The Centers for Medicare and Medicaid Services (CMS) recently denied a request from a bipartisan group of 23 members of congress to exempt the distribution of textbooks and scientific peer-reviewed medical journal materials from the reporting requirements under the Physician Payment Sunshine Act (Sunshine Act). The regulatory preamble in the CMS final rule provides that educational materials (including medical textbooks) furnished to physicians for their own education, but that do not directly benefit patients, are subject to reporting under the Sunshine Act. 42 C.F.R. § 403.904(i)(4).
Many in Congress and many medical professional organizations had objected to the reportability of free distributions of textbooks and scientific peer-reviewed medical journal materials. The lawmakers asserted that Congress excluded educational materials that directly benefit patients or are intended for patient use from the Sunshine Act reporting requirements, including educational materials that directly benefit patients or are intended for patient use. SSA 1128G(e)(10)(B)(iii).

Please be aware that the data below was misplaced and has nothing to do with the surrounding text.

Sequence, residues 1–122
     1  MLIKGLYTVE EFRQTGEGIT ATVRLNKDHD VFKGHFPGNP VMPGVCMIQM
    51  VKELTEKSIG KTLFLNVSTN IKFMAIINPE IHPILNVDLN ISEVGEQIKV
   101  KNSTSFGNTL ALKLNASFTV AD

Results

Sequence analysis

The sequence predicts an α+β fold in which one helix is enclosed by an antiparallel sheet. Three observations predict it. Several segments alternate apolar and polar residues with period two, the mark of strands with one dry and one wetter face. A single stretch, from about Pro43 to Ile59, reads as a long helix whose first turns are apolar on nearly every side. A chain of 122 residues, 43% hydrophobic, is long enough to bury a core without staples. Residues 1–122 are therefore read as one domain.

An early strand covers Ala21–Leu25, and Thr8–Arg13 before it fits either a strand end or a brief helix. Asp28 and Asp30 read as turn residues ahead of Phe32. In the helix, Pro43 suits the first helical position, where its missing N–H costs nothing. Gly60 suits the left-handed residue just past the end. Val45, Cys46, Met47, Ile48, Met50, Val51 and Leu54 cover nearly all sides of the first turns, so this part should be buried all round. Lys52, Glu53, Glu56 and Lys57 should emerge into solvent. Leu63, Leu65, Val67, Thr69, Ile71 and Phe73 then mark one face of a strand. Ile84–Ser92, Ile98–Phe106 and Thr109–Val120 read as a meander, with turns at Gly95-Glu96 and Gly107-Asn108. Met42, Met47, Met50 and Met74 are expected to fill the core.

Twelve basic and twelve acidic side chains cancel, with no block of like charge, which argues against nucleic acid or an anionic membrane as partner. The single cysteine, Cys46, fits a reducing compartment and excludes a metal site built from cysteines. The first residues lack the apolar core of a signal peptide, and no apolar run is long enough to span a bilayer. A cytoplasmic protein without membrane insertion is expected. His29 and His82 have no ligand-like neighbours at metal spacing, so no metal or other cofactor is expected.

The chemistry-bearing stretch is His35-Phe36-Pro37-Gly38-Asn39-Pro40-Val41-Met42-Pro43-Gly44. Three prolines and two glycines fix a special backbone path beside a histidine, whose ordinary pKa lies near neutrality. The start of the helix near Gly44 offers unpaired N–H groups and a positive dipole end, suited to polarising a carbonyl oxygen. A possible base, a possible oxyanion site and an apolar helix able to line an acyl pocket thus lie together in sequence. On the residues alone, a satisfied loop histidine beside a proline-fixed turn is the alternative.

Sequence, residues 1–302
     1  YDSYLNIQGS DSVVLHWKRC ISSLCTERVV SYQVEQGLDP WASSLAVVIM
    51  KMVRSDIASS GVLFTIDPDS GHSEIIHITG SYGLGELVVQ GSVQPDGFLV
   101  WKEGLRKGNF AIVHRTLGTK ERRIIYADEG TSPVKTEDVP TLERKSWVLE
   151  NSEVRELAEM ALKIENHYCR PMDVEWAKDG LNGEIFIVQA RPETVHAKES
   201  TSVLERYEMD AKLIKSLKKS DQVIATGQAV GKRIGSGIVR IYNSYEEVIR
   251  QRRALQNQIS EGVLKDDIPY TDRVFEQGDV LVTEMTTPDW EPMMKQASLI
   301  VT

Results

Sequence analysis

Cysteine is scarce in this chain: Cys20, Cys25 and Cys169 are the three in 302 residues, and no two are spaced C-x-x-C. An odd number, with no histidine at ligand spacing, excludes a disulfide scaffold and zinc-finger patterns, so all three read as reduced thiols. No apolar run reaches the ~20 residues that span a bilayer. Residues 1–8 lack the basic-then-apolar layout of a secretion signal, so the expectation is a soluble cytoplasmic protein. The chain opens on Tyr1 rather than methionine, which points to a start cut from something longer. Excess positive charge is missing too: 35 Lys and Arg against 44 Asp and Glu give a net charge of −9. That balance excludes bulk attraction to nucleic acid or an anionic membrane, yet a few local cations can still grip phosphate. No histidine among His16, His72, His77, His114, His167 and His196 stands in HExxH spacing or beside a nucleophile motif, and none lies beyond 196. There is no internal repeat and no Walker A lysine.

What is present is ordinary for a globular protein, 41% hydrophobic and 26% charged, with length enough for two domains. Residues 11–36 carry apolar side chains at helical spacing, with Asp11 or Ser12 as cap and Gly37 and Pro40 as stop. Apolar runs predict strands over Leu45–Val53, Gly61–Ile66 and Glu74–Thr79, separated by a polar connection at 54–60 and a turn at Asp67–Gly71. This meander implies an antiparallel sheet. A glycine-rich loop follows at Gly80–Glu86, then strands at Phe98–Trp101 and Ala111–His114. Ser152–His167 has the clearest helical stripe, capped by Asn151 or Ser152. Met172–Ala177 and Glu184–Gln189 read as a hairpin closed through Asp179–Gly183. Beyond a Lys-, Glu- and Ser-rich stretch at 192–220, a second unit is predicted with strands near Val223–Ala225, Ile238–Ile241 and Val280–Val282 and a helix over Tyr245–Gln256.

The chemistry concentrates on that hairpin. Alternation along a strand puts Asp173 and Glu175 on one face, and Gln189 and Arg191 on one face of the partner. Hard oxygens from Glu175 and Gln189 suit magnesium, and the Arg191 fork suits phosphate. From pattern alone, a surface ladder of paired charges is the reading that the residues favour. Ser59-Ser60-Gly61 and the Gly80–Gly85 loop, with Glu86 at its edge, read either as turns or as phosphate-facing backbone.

In response, CMS stated that it did not believe that the Sunshine Act allowed applicable manufacturers to exclude from Sunshine Act reporting payments or other transfers in the form of educational materials, as these materials do not provide direct patient benefits nor are they intended for patient use. Potential downstream benefits to patients, according to CMS, are not sufficient to justify an exclusion from the reporting requirements. However, wall models and anatomical models which are intended to be used with patients, and therefore directly benefit patients, are excluded from the reporting requirements.
Thus, medical textbooks and peer-reviewed journals in most cases must be reported by manufacturers as payments either under the “education” or “gift” categories.